Monday, July 20, 2009

Plagarizing sermons

Yesterday, the Star Tribune ran a front-page story about the ethics of preachers using previously preached sermons. I’m not sure what prompted the Star Tribune to put a story about this issue on the front page of its paper. The link to the story is here:

This issue isn’t new. Tom Long wrote an article in the Christian Century on the same issue two years ago. That link is here:

Pulpit plagiarism is not new—but I guess because of the Internet the practice is spreading.

Long summarized the issues much better than the article in the Star Tribune.

A couple of his nuggets touched me:
“… good bit of clarity is achieved, I think, when we keep two factors in focus. The first is truthfulness. "Plagiarism," writes Richard A. Posner in The Little Book of Plagiarism, "is a species of intellectual fraud." Posner goes on to name the two key ingredients of fraud in every act of plagiarism: one, somebody copies something and then claims ("whether explicitly or implicitly, and whether deliberately or carelessly") that these words are his or her original composition; and two, this deception causes the readers (or hearers) of these words to act differently than they would if they possessed the truth.”

Long concluded the article by sharing this:
“Preachers who strive to tell the truth, who seek to honor the communion of saints, who desire to maintain the trust of the faithful community—that is to say, preachers with ethical integrity—will wrestle with these questions and make the best decisions they can. Pulpit plagiarists, however, in the name of expediency, will grab what they wish wherever they can find it and claim it as their own. Their stolen sermons may occasionally sparkle, but in the end they will have spread the banquet table of God with the empty calories of homiletical fast food.”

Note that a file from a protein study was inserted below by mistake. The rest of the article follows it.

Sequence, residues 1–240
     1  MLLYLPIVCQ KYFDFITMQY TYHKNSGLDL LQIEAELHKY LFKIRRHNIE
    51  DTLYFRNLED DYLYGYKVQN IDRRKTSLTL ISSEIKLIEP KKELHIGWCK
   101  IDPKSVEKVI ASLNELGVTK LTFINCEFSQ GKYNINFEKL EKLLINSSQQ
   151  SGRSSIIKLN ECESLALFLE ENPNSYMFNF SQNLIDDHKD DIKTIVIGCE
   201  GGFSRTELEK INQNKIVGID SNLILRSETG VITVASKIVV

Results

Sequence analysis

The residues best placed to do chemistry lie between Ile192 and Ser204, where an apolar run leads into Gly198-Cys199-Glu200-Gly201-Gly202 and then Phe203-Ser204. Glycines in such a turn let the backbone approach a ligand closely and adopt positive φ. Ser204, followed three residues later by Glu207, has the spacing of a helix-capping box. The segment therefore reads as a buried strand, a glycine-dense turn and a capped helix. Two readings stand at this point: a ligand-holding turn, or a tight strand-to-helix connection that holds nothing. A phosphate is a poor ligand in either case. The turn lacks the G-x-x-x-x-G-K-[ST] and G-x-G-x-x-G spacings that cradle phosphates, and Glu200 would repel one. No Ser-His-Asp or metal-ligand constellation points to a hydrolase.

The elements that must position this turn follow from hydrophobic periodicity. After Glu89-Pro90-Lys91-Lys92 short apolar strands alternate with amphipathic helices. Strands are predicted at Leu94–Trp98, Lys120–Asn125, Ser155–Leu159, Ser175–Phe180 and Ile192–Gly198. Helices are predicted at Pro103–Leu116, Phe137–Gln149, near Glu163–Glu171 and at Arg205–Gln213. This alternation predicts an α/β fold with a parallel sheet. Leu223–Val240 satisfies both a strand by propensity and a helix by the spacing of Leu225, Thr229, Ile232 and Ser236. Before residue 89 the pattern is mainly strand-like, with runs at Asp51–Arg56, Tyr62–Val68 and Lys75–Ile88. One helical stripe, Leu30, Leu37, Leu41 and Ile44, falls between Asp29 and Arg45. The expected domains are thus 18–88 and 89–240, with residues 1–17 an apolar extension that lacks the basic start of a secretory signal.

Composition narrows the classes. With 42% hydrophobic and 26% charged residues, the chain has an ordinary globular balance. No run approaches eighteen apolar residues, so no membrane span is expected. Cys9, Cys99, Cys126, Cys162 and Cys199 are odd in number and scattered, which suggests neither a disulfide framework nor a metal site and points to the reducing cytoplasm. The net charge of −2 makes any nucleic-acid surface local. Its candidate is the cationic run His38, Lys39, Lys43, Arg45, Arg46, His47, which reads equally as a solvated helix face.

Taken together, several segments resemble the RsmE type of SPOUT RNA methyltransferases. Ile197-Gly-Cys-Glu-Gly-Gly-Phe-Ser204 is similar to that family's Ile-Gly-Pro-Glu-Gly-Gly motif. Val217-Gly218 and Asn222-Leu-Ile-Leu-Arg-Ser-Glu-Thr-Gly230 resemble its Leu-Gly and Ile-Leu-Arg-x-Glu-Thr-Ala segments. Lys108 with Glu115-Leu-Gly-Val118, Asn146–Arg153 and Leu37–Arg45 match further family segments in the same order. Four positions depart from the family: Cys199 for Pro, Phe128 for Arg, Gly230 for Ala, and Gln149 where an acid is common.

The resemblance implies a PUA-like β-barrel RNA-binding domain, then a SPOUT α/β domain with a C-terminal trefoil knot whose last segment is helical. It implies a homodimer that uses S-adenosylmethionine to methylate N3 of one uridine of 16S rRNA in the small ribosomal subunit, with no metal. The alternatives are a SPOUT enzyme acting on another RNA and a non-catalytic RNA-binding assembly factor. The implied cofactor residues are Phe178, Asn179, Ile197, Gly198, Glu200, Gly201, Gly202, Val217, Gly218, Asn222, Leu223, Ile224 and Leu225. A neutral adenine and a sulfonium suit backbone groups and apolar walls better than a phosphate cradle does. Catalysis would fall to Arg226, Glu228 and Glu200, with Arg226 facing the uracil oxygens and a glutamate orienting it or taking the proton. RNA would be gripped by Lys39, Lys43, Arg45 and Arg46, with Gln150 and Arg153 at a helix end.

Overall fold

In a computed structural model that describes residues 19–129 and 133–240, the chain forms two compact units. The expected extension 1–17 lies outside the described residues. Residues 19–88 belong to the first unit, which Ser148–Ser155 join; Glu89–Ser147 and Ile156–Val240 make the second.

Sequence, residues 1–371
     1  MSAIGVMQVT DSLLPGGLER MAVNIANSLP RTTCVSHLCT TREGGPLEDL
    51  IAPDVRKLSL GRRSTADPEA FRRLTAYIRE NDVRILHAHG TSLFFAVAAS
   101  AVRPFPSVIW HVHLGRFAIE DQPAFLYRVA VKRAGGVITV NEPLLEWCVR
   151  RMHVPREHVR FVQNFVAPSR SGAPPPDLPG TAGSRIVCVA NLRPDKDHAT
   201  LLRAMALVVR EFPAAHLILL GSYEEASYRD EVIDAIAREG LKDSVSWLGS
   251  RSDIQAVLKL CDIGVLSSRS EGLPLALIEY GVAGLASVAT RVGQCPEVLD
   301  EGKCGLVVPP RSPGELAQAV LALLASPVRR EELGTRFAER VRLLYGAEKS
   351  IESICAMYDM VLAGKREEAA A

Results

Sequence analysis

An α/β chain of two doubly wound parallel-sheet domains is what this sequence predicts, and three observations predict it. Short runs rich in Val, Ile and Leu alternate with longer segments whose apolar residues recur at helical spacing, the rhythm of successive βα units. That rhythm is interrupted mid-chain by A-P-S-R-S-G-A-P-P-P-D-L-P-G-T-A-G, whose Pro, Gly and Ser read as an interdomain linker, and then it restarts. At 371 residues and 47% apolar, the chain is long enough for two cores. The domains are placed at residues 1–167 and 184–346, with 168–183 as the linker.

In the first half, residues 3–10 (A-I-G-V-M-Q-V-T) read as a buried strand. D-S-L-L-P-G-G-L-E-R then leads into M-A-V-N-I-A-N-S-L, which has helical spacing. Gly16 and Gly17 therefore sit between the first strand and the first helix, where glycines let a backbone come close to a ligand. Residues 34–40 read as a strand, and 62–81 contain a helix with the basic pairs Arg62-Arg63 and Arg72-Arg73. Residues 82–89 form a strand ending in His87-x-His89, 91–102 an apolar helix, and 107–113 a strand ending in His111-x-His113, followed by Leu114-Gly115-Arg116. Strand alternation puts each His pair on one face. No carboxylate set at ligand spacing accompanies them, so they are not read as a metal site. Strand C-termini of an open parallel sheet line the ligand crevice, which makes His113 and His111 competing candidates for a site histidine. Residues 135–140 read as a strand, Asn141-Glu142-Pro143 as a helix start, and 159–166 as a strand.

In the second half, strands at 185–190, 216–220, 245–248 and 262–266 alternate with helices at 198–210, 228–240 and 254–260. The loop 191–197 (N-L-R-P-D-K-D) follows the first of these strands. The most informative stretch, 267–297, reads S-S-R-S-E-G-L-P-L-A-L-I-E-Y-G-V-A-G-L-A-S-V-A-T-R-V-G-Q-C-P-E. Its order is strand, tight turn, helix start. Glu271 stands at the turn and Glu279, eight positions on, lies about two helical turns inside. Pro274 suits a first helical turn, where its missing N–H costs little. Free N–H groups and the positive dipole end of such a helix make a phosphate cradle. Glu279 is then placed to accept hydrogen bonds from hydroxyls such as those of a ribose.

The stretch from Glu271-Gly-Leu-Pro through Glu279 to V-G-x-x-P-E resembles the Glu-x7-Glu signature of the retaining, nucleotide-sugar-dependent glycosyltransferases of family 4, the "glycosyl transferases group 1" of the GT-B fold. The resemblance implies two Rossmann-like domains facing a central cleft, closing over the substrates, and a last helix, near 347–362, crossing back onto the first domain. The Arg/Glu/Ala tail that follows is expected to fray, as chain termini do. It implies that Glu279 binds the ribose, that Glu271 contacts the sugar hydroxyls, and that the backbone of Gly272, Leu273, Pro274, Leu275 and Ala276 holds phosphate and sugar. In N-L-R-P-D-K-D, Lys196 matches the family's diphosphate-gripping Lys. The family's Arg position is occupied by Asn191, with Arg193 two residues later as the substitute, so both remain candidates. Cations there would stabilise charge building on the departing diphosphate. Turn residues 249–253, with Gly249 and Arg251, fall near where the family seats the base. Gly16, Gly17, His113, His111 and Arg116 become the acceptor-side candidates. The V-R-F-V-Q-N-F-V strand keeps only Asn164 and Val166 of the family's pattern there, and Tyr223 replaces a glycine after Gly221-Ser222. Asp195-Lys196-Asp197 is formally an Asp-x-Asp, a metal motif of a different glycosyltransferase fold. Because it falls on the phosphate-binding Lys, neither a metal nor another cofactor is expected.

The closest I’ve come to plagiarizing is when I used three points from a Rick Warren Easter sermon in one of my Easter sermons. I gave Warren the credit for the three points, used them, and then wrote my own sermon. The sermon was very well received.

Preaching is so contextual that I can’t imagine that preaching another person’s sermon would be effective. I preached over 600 sermons in my 16 years at Plainview (and have a copy of almost every one of them). When I found myself in a difficult time bind (which happened once or twice a year) I would get out an old sermon of mine to preach. But even if I had only a half hour to work on it, I would always change it. The changing context (even if the only difference was time) demanded it.

I can sympathize with any preacher who finds him or herself late in the week and with no sermon. I can understand if that happens once or twice a year. But I don’t have sympathy if that happens frequently.

As Long argued—striving to tell the truth is the best way to negotiate this increasingly complex issue. If we preachers can manage our time effectively we won’t find ourselves madly looking for sermons on the Internet early on a Sunday morning.

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